We are not in an age of great Permian basin innovation. You can point to the digital revolution to argue the opposite, but digital technology mostly increases efficiency in existing operations or data processing. In the field, among real rather than virtual equipment, things are quiet. There are still healthy debates over limited entry perforating designs, refracturing versus infill drilling, production decline curves, saltwater disposal injection-induced seismicity, etc., but these are arguments over interpretation and implementation of long-established practices, not new applications.
One relatively recent innovation is electric fracturing (e-fracing), where pumps are driven by electric motors powered by the grid or onsite natural gas turbines rather than by reciprocating diesel engines. It offers low emissions (a checkmark for environmental, social, and corporate governance (ESG)) and, more interestingly, can run nearly autonomously with real-time fracture geometry adjustments based on downhole fiber optic or microseismic feedback.
Getting even a basic paper on e-fracing, however, had been like pulling teeth. And then came a lawsuit. In 2021, US Well Services filed against Halliburton over e-frac patent infringement, and other companies with e-frac fleets either got caught in the crossfire or ducked the shrapnel. All information and activity regarding e-fracing suddenly came to a halt.
The suit was resolved earlier this year in Halliburton’s favor, but e-frac spreads will not displace conventional frac spreads anytime soon. Rystad reported only 8% e-frac adoption across all frac fleets, and besides the lawsuit, e-frac demand has been tempered by high upfront costs and declining ESG importance to corporate governance as profits in oil and gas have made a comeback.
Frankly, the reason investment firms adopted ESG was because they could. Returns in fossil fuels were either nonexistent or negative, and they needed to attract a different type of investor with greener aspirations. Offending oil and gas operators and their attendant politicians cost nothing. But a recent report from The Hill claims oil and gas companies are teaming with Republicans to fight against “sustainable finance.”1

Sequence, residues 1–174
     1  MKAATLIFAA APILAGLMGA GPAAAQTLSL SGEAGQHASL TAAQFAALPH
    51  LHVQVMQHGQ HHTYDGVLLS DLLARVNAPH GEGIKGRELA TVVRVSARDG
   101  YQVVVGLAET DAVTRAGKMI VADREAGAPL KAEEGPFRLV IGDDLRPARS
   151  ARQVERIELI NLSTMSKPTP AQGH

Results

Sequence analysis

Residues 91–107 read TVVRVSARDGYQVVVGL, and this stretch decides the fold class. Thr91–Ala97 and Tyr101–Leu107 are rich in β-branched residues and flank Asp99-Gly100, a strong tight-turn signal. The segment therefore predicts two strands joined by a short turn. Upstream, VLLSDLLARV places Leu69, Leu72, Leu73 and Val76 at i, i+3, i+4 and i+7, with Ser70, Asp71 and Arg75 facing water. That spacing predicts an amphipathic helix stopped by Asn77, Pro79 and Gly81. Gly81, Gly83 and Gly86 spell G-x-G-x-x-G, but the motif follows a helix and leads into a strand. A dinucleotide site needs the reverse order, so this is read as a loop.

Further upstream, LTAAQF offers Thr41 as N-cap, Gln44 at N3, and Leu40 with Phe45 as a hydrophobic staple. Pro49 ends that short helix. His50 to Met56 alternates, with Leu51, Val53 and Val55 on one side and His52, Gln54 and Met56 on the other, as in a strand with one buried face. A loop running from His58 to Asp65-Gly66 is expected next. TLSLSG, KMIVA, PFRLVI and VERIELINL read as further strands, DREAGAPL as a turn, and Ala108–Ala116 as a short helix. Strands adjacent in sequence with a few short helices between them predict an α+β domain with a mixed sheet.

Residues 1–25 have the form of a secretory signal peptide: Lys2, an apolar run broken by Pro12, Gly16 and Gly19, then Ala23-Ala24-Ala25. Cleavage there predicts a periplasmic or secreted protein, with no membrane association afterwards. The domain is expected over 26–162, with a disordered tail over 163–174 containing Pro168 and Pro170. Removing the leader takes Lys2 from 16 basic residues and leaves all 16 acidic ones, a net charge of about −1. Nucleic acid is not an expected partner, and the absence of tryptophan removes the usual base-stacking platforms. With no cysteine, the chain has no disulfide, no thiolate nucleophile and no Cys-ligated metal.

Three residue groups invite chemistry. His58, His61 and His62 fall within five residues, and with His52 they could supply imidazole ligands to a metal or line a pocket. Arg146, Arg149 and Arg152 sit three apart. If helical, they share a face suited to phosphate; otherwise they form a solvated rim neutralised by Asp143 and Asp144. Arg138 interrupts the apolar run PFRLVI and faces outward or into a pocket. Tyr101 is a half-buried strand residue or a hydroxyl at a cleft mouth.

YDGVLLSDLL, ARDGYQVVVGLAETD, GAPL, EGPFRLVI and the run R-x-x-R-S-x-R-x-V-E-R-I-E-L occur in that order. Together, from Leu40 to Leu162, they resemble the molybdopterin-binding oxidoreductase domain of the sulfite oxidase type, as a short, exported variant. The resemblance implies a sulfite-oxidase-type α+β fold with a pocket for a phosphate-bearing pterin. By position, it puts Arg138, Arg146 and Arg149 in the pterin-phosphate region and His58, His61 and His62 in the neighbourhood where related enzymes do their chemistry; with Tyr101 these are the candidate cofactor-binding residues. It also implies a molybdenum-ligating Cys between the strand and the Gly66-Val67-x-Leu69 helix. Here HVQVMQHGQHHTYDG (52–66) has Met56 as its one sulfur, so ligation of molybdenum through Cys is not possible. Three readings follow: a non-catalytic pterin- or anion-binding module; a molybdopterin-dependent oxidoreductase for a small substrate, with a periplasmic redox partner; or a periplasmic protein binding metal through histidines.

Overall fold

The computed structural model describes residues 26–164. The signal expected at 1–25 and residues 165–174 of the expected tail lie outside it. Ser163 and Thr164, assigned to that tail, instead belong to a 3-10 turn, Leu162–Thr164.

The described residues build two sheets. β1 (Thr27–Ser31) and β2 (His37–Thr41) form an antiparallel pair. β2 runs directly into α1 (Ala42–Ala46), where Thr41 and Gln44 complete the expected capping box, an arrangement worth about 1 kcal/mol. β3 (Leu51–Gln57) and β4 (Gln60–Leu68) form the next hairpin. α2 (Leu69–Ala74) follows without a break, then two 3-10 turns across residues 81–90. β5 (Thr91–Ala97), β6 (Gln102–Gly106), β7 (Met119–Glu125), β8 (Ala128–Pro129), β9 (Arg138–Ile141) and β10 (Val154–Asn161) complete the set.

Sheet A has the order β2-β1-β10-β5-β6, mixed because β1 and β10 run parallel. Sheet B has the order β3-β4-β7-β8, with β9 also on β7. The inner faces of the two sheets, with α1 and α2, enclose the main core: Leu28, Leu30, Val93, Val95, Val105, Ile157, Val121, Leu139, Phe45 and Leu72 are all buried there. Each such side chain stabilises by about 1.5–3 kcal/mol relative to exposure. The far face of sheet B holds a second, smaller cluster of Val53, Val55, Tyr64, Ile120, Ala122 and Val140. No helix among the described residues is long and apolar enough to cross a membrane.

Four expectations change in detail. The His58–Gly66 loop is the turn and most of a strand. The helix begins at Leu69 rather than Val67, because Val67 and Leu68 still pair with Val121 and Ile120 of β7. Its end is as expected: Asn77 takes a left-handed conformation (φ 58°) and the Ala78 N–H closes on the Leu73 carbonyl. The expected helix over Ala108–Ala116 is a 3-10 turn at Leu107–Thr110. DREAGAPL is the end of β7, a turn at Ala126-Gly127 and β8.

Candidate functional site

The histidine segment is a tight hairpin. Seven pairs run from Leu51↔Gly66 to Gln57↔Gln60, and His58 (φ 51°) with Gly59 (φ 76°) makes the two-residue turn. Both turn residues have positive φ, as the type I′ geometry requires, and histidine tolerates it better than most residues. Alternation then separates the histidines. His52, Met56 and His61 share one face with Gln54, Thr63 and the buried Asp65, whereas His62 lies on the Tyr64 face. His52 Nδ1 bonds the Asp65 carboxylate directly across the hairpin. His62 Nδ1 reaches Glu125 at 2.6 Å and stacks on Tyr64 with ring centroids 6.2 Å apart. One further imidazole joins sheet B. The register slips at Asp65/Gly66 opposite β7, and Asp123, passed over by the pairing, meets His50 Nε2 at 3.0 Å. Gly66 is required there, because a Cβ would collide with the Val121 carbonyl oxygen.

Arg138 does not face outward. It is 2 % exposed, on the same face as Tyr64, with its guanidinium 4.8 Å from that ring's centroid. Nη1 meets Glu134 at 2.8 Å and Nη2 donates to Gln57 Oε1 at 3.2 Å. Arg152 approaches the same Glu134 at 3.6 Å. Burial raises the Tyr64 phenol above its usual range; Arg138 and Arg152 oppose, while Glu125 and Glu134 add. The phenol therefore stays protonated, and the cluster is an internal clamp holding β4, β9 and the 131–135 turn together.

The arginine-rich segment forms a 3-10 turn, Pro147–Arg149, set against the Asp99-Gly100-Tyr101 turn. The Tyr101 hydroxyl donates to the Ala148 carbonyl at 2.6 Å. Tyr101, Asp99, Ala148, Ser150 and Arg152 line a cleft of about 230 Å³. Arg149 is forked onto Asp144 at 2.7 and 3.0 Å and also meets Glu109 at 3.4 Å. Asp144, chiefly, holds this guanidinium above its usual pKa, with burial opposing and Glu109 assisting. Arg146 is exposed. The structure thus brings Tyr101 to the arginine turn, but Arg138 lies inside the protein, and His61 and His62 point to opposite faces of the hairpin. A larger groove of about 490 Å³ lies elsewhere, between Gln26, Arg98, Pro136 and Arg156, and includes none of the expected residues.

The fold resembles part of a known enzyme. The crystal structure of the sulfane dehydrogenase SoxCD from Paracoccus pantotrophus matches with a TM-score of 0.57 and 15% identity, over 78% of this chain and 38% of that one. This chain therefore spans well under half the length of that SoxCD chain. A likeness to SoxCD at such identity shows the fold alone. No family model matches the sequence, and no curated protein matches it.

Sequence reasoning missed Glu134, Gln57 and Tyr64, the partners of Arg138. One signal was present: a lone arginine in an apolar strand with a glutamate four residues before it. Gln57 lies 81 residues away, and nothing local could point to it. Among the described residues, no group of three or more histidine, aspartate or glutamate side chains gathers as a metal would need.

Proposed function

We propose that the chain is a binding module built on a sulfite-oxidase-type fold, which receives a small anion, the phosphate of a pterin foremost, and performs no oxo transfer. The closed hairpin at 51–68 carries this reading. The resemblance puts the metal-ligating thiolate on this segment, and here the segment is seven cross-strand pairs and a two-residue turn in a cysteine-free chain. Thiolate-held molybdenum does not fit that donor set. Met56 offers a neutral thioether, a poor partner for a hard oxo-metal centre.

They hardly need to; oil and gas profits are back and with them has come a more casual attitude towards ESG. Shell, for example, invested $3.5 billion last year in renewable energy, but this year the renewable powers unit has been told by Steve Hill, executive vice-president of Shell Energy, to become profitable lest it face deep cuts.2 The division can’t look to the $40 billion Shell made overall in profits to fill gaps in renewable tech; that is for other investments, including “shareholder dividends and buybacks” according to Ingrid Button, Shell’s finance chief for renewables. Climate protestors at Shell’s recent annual shareholder meeting in London were enraged. Investors, not so much.
And yet geothermal is currently one of the hottest topics in the industry; talk about ESG! There are now geothermal sections in most oil and gas conferences. I first learned about “enhanced” geothermal—using multiple fractures to access hot reservoirs in tight granite—at a Society of Petroleum Engineers hydraulic fracturing technology conference. Since then, venues as diverse as CERAWeek and the Offshore Technology Conference have had multiple sessions on geothermal.
But oil and gas operators are showing little interest in investing in this long-term, high-risk application. Positive returns currently come from oil and gas. Going back to the Permian basin, this focus appears to be mostly on finding and using the most commoditized and lowest cost technology available. New applications, therefore, work to upload vast databases to the cloud and teach artificial intelligence what we already know. This is understandable from a business perspective, but it isn’t making oilfield technology much fun to cover anymore.
- Elbein, S., “Documents reveal how fossil fuel industry created, pushed anti-ESG campaign,” The Hill, May 18, 2023.
- Mathis, W., “Shell bosses demanding clean energy unit churn out big gains,” Houston Chronicle, May 23, 2023.